who gazes into your window
waiting for the moment
you walk into the room:

those clear watching eyes,
the quiet murmuring chirrup,
dip of the head and flip of the wing.

There is a girl on a swing
singing of bluebirds
and you are pushing her so high
she flies.

Gratitude List:
1. Bluebirds and you
2. Chickweed and you
3. Organizing and sorting and you
4. The farm crew and you
5. Free magazines at the library, and you

May we walk in Beauty!

Night Tanka

Today’s Poem-A-Day Prompt was to write a poem about night.

I know this is true
because the moon laid her head
in that indigo,
on that blue velvet cushion
of sky. How she sighed for joy.


Gratitude List
1.  Michael the archangel is a bluebird.  I know this, but it might be a secret.
2. People who understand group process.
3. Semi-permeable boundaries
4. Re-constituting the resume–what a challenging process of self-definition, that one
5. Saints.  And sinners.

May we walk in Beauty!

The Birth of Phoenix

Today I have been sorting through some old poems, to see which ones I still want to consider viable and alive, and which ones just deserve to fade away in my computer files.  Here is one from the late ’90s, when we lived in Slippery Rock.  I still remember the cafe where I wrote it the morning after I dreamed it.

The Birth of Phoenix
This is the story of the woman
Who believed that happiness
lay in the sound of Any-Man-At-All
slipping through her open doorway,
Who grew beyond bounds,
Whose walls dissolved in a grey mist
to let in a garden,
a star,
and a small silvery snake,
Who discovered the spiraling staircase
which led to the Aunt in the attic,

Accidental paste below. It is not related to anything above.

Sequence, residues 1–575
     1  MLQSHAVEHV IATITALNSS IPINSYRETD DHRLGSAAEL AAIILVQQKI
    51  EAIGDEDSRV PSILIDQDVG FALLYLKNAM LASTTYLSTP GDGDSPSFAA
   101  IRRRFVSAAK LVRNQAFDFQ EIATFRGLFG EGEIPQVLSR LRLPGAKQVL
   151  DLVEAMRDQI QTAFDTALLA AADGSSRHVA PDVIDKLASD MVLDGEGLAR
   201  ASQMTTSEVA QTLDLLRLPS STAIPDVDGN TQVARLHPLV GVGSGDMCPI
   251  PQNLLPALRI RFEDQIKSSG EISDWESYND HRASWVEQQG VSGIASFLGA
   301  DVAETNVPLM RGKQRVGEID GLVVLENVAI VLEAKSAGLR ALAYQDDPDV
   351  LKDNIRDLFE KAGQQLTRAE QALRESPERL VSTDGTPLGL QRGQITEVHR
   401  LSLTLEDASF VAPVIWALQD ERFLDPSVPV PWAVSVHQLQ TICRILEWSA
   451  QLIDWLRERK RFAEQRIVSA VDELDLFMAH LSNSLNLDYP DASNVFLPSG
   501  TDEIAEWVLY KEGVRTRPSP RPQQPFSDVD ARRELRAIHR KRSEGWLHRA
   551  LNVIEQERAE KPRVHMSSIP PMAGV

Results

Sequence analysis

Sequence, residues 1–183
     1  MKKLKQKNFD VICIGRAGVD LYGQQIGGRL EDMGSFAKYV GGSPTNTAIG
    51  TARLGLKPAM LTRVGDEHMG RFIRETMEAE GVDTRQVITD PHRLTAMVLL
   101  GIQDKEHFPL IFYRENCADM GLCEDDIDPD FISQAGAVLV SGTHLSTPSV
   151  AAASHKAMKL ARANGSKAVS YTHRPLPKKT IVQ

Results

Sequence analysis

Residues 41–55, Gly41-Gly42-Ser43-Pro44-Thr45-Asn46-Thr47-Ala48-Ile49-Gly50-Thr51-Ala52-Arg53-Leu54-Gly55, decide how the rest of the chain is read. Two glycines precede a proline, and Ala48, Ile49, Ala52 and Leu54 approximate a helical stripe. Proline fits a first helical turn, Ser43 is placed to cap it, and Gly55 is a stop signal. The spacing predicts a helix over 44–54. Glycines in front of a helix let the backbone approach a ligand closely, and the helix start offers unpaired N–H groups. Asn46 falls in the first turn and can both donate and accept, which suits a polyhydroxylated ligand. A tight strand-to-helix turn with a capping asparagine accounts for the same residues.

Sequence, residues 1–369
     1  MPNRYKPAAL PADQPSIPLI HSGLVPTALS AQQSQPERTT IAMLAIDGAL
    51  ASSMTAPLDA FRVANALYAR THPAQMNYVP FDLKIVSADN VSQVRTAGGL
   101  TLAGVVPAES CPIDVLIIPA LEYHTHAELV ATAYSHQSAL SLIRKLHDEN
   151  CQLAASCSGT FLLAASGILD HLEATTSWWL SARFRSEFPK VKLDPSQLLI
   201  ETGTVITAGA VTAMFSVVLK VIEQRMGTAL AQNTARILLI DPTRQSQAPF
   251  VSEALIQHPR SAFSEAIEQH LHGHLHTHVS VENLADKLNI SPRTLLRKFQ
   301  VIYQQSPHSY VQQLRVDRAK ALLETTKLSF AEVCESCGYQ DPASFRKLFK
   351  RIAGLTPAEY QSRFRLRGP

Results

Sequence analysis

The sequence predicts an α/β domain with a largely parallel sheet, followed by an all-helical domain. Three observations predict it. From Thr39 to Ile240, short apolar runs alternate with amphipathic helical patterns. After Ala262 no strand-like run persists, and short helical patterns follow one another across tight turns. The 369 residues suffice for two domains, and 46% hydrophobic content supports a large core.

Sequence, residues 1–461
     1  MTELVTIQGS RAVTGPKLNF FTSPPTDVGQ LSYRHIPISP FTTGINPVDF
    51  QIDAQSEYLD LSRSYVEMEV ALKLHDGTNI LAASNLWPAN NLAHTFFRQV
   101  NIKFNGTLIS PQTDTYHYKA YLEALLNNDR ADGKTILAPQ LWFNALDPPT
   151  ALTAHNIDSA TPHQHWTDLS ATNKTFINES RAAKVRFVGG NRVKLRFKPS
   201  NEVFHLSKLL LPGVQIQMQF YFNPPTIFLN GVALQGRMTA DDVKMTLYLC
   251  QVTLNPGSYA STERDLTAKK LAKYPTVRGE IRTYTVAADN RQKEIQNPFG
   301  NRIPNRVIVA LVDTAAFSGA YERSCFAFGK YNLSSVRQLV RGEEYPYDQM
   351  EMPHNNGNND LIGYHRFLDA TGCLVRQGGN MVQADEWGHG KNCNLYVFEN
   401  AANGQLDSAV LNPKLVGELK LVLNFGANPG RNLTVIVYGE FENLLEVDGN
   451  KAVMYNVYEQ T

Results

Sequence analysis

Who plied that old woman with indecent questions
and robed herself warmly
in old woman’s laughter,
Who carried the rage of the crone in her pocket
like a sculpted soapstone jackal,
Who suckled that fury–that ravenous infant,
Who knew a canary from plaster pretenders,
Who built her own cottage of clay, thatch, and brambles,
Who walked through the market,
unveiled by the eyebrows
of merchants and gabblers,
Who swam to deep waters
alone like a manta,
Who left the green waves for a road full of daughters,
Who shaved off her hair,
to step naked and newborn
among glowing embers.

 Gratitude List:
1.  Mid-day today, Ellis raced through the room (after 36 hours of intermittent up-chucking) and announced, “I feel so good!”  And promptly made himself a sandwich and ate it.  And kept it down.
2.  This image, which stays with me: The bluebirds at my parents’ house know that my dad goes out the glass doors at the back of the house to feed them.  On Sunday as we were sitting at the dining room table putting a puzzle together, one of them came and sat on the handle of the glass door, and peered around the door frame through the glass and watched us.  Apparently he often sits there to watch his friend drinking coffee or eating or working a puzzle.
3.  The release of a good stretch
4.  Eager new customers, and long-term customers who have become friends
5.  Planning and plotting
May we walk in beauty.

2012 February 058